- The almond crop in San Joaquin County, Calif., looks “about average or maybe a little lighter than usual” on a per acre basis, reports Paul Verdegaal, University of California Cooperative Extension farm advisor for the county.
This year’s almond crop in San Joaquin County, Calif., looks “about average or maybe a little lighter than usual” on a per acre basis, reports Paul Verdegaal, University of California Cooperative Extension farm advisor for the county.
As growers move into harvest high gear, they are breathing sighs of relief since they experienced few problems controlling diseases and only sporadic problems with insect pests and spider mites. This means growers do not have an arm and leg in costs for this crop.
However, many growers had to shell out cash last winter to irrigate to make up for the lack of winter rain. “As growers turn off their water to prepare for harvest, the fields may dry out pretty quickly,” he notes. “Some orchards are showing some stress.”
Rod Stiefvate of Bakersfield, Calif. reports he is “quite enthusiastic” about his 2012 pistachio crop in orchards in Kern, Fresno, Madera and Tulare counties managed by his company, RTS Agribusiness. grows pistachios in Fresno, Kern, Madera and Tulare counties.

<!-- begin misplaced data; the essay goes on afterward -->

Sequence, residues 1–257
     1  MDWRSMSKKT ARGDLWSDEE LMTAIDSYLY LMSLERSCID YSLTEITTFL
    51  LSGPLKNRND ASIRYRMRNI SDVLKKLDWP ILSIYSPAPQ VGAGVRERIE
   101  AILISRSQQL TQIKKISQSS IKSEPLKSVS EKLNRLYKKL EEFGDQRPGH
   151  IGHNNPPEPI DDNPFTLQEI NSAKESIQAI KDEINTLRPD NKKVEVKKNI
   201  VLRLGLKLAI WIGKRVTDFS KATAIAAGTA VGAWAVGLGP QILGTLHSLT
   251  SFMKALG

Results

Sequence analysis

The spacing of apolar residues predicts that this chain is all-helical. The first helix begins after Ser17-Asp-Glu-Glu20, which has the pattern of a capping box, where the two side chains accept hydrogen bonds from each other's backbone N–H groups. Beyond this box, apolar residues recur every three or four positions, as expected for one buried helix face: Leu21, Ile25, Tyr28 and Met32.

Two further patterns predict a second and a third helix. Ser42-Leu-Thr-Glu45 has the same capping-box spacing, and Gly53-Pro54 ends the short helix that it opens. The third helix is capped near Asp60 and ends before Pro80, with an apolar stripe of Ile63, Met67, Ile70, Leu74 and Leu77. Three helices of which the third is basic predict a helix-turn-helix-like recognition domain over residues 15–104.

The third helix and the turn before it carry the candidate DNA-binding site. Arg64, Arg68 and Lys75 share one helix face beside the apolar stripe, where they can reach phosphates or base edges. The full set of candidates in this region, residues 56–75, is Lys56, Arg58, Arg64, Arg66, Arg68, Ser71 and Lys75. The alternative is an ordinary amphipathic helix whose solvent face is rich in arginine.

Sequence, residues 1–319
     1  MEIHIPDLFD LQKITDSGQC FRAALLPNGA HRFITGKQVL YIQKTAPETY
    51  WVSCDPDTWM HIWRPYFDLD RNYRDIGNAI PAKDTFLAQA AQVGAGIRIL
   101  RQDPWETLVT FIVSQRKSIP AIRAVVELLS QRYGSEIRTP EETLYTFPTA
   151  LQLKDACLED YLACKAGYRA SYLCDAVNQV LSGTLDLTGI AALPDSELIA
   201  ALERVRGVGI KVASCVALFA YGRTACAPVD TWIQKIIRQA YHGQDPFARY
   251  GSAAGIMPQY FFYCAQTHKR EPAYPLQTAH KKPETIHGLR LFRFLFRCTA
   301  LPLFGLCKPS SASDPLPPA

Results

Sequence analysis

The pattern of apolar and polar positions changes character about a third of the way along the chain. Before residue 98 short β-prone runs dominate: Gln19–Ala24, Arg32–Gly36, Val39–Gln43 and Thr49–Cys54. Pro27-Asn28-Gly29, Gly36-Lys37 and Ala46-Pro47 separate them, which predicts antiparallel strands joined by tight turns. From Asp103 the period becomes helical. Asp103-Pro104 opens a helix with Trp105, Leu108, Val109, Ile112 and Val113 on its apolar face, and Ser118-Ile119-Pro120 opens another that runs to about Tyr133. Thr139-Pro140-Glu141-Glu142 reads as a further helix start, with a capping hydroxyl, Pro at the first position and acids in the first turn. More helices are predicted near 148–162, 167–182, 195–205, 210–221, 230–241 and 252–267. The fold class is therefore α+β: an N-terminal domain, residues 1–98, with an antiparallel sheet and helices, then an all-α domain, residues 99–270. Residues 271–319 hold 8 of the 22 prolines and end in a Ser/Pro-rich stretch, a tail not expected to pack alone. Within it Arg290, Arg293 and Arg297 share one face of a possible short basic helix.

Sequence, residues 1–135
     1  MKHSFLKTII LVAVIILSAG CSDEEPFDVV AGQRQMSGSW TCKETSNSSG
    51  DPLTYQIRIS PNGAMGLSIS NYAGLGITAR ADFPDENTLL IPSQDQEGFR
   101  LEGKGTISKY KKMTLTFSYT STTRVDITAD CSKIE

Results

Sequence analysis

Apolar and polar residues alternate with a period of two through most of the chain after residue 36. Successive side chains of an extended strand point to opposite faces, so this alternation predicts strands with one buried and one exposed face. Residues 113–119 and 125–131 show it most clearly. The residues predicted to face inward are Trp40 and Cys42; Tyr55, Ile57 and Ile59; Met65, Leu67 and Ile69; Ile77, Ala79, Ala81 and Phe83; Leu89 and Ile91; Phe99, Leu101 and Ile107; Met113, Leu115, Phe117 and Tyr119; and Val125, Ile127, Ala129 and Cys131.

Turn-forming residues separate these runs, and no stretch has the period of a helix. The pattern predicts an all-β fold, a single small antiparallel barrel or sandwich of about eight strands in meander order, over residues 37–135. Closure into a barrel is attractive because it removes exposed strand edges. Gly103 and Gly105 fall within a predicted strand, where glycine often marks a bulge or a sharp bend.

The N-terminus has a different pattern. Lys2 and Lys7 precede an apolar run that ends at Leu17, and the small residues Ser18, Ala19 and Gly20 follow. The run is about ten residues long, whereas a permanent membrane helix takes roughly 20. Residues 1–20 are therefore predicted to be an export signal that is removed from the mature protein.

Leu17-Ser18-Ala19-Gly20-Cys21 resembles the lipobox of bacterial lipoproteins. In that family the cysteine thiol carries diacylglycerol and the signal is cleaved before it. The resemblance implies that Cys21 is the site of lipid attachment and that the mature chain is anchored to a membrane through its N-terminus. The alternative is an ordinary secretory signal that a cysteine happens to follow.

“More than likely, it will be a record year for production,” he adds “From all the reports I’ve seen, nut fill this year is very good and nut size looks to be a little above average. And even with the worldwide economic slowdown, prices will be very strong.”
In fact, in early August, Paramount Farms announced it will pay growers a minimum of $2.10 per pound with bonus for inshell pistachios and at least $2.75-per-pound for kernels.“Those are quite profitable prices, particularly in a big crop year,” Stiefvater says.
This season may end up as a two-shake walnut harvest for Stanislaus County grower Darren Ventura, who manages Hudelson Company’s tree nut production near Modesto, Calif.
He isn’t expecting any records to be broken when he harvests this year’s crop. “Some people are saying that the dry winter may ultimately reduce yields.”
Ventura expects to start this year’s walnut harvest, as usual, in the middle of October. Last year he had problems with yellowing of the nut meats in his Chandlers. That was attributed to water damage caused when the nuts remained in the wet field environment too long. As a result, he’s likely to run the shaker through his fields two different times this season.
“Normally, we get a lot windfall as harvest nears,” Ventura says. “So, this year we’ll just bump the trees with the shaker before picking up the windfall. Then we’ll come back with the shaker when we normally would to get the rest of the nuts.”